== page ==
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AN INTRODUCTION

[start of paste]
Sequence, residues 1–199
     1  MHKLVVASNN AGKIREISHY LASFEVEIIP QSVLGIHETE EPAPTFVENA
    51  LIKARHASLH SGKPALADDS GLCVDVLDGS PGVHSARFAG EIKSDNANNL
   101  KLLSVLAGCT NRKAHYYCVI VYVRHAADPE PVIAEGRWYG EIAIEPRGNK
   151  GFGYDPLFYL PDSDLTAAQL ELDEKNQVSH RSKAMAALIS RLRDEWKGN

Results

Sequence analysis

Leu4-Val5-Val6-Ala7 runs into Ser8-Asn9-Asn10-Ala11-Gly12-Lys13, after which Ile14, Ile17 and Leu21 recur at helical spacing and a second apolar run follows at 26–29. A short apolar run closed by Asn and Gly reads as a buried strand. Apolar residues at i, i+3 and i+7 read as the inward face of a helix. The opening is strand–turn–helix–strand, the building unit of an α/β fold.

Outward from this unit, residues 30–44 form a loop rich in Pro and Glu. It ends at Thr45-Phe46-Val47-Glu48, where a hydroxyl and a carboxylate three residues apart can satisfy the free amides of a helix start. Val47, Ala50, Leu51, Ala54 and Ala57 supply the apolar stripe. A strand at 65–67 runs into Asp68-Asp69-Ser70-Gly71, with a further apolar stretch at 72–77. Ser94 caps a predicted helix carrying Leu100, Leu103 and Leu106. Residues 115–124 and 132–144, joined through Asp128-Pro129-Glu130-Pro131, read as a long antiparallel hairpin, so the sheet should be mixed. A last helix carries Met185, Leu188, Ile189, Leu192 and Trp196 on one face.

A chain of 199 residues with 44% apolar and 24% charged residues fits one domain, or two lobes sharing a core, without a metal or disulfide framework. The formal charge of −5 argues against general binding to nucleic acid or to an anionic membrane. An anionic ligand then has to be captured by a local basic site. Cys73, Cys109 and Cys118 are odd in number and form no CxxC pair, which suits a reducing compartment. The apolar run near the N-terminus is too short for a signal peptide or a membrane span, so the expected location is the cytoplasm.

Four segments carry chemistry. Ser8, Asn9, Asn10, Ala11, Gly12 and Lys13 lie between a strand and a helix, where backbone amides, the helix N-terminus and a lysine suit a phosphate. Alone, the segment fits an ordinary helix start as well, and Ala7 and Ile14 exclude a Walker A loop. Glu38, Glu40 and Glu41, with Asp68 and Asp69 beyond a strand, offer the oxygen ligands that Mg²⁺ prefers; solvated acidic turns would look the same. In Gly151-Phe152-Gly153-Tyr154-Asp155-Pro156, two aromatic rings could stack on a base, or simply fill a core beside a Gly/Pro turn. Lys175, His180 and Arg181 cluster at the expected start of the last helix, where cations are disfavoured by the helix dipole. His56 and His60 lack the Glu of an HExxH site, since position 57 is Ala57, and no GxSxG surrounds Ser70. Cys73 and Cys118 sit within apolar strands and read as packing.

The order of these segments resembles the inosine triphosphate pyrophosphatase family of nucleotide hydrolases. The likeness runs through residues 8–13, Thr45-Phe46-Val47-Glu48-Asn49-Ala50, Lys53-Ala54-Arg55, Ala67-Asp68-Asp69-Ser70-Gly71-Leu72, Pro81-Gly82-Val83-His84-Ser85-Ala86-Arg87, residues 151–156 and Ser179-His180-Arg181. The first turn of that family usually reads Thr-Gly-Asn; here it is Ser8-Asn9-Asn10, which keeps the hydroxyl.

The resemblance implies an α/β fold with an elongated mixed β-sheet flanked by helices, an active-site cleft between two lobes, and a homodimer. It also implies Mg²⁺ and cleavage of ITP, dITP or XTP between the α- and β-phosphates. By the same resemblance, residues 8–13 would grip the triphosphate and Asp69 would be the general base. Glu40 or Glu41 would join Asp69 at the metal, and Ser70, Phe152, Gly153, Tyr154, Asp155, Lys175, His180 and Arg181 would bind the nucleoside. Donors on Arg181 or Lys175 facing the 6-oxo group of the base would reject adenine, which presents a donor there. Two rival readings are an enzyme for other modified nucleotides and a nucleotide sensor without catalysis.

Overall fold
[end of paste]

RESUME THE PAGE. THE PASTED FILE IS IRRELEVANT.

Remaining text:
probabilities is a vital part of all our modern scientific progress. As Eddington has pointed out, in speaking of his own field of physics, "The quantum physicist does not fill the atom with gadgets for directing its future behavior, as the classical physicist would have done; he fills it with gadgets determining the odds on its future behavior. He studies the art of the bookmaker not of the trainer."* Probabilities have to do with averages. When the physicist predicts that a given group of atoms will act in a certain way, he is relying - as physicists now believe - on a knowledge only of what the average atom will do. Quite similarly, when an insurance company more or less accurately predicts the number of deaths for next year, it is relying on statistical averages of a like kind. The discovery that the law of averages applies to humanity - that certain activities of people, viewed en masse, fall into definite patterns, some of which repeat themselves periodic rhythm - promises to be of great aid in making economics function as a true science. These patterns will not tell us what any given individual will do - any more than laws in physics will tell what a particular atom will do, or life insurance statistics will reveal whether a given individual will die. But the patterns do reveal how masses are likely to act at given times. And to that extent they are a formulation of law. This discovery has had to wait upon the development of the science of statistics, the invention of index numbers, and the compilation of statistical series over long periods. Today the work is only beginning. Adequate statistics have not been kept for more than a few generations. Thus we are like doctors following Pasteur, who had incontrovertible evidence that germs exist, but in only a few instances had isolated the germs involved in particular human states. To assume that from our present limited store of knowledge we *A. S. Eddington, The Nature of the Physical World (p. 301), The Macmillan Company.